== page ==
This Remembrance Day saw the online release of a very special music video produced in Halifax honouring Canadian war veterans by youth from the Aboriginal, African-Nova Scotian, Acadian and Celtic communities
On November 1st, four young artists came together at the Mi’kmaq Native Friendship Centre in a sacred sharing circle with three veterans representing the diverse cultures of Canada. Hearing their stories and experiences of war, the youth took the words and testimony of these elders and came up with a spoken-word message of remembrance encouraging other young Canadians to never forget what was given up for their freedom.
Featuring the talents of African-Nova Scotian spoken-word poet Des Adams, Mi’kmaq poet Liam Paul, Acadian artist Céleste Godin and musician Morgan Cruikshank, whose roots run deep in both the Acadian and First Nation communities, the performance piece is called ‘Listening’ and resonates in it’s power to make the audience, well….stop and listen. Under the guidance of sound specialist, David Findlay and his students at the Centre for Arts and Technology, the words of these upcoming young artists have also been set to an original hip-hop beat in a separate video piece to be released in the near future.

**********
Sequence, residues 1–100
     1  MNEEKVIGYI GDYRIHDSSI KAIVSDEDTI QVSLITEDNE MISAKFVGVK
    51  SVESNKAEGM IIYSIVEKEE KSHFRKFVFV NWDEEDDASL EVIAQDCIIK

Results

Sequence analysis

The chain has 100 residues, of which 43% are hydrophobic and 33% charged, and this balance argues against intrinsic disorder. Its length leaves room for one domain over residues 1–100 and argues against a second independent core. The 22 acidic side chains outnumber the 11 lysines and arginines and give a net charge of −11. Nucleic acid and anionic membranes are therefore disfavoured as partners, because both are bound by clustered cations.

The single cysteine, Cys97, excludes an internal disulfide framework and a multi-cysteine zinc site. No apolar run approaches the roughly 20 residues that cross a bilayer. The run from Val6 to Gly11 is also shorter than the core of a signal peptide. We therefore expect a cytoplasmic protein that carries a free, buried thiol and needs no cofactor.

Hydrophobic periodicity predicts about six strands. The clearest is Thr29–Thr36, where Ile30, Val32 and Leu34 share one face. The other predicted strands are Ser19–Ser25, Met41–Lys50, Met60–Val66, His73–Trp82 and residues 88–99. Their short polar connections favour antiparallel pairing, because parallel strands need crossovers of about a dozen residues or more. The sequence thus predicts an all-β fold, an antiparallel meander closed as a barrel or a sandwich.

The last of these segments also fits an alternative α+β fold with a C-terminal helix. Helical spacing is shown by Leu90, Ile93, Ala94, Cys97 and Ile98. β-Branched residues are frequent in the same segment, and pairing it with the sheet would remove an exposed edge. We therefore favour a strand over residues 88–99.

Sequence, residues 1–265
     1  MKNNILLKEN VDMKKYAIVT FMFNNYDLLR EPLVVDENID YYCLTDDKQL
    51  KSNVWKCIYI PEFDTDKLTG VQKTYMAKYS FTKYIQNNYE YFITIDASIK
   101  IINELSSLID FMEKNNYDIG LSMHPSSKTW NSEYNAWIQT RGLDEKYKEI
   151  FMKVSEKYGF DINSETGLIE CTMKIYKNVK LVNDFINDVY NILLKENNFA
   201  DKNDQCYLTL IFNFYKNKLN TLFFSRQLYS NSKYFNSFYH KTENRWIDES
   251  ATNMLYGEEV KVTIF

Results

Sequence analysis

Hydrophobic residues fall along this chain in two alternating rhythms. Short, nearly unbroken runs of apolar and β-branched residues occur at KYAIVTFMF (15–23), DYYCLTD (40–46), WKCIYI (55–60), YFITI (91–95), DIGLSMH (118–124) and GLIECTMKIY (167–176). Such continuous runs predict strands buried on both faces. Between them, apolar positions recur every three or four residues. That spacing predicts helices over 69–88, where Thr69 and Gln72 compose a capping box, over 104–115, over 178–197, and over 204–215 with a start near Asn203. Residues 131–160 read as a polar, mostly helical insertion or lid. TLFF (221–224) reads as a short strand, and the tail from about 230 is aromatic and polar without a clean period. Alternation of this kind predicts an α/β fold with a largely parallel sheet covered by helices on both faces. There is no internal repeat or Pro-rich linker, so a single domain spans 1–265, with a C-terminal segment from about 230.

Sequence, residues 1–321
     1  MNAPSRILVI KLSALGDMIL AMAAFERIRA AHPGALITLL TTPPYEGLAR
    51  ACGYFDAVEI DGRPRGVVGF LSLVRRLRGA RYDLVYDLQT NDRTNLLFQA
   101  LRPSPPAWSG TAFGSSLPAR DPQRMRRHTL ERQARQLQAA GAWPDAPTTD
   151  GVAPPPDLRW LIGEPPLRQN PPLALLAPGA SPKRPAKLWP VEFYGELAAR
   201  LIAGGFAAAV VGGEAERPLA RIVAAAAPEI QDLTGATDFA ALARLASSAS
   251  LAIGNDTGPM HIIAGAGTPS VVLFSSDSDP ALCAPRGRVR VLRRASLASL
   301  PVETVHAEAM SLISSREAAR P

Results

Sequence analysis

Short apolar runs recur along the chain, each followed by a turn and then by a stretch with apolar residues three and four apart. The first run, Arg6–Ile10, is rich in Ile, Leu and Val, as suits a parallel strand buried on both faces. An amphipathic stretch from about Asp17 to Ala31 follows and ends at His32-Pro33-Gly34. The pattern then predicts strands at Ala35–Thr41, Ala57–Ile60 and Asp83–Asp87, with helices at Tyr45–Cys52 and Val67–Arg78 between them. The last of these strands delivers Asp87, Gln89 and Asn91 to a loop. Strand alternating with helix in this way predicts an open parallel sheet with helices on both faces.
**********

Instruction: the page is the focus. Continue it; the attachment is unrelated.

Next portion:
The videos will be posted on YouTube, the Mi’kmaq Native Friendship Centre website and the Veterans Affairs ‘Canada Remembers’ Facebook page in an effort to reach the eyes, ears and minds of as many young people as possible, changing the way they think about war and sacrifice.
This is all part of a bigger project called ‘Remember Me: A Tribute To Our Unsung Heroes’, which brought together performers, choirs and story-tellers on Saturday, November 5th in a broadcast event acknowledging the contributions of veterans from visible minorities whose sacrifices went unrecognized in Canada. Des, Liam, Céleste and Morgan also had the unique opportunity to perform ‘Listening’ to a live audience at this event.
This youth-led video was made possible through the support of the NS Office of Aboriginal Affairs, the NS Office of Acadian Affairs, Veterans Affairs Canada and the D250 Youth Engagement Legacy Trust.